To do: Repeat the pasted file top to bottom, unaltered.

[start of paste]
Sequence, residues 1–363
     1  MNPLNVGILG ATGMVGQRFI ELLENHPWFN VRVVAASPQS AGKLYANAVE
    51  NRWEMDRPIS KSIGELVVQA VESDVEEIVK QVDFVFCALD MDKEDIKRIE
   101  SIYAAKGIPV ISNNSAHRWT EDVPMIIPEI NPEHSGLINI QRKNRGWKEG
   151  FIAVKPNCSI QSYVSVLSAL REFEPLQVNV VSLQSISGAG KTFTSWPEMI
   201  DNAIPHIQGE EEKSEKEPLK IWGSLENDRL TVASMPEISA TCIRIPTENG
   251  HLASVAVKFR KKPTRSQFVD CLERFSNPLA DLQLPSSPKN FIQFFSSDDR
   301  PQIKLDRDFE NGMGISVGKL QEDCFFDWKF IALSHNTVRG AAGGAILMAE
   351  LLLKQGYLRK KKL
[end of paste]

Sequence, residues 1–363
     1  MNPLNVGILG ATGMVGQRFI ELLENHPWFN VRVVAASPQS AGKLYANAVE
    51  NRWEMDRPIS KSIGELVVQA VESDVEEIVK QVDFVFCALD MDKEDIKRIE
   101  SIYAAKGIPV ISNNSAHRWT EDVPMIIPEI NPEHSGLINI QRKNRGWKEG
   151  FIAVKPNCSI QSYVSVLSAL REFEPLQVNV VSLQSISGAG KTFTSWPEMI
   201  DNAIPHIQGE EEKSEKEPLK IWGSLENDRL TVASMPEISA TCIRIPTENG
   251  HLASVAVKFR KKPTRSQFVD CLERFSNPLA DLQLPSSPKN FIQFFSSDDR
   301  PQIKLDRDFE NGMGISVGKL QEDCFFDWKF IALSHNTVRG AAGGAILMAE
   351  LLLKQGYLRK KKL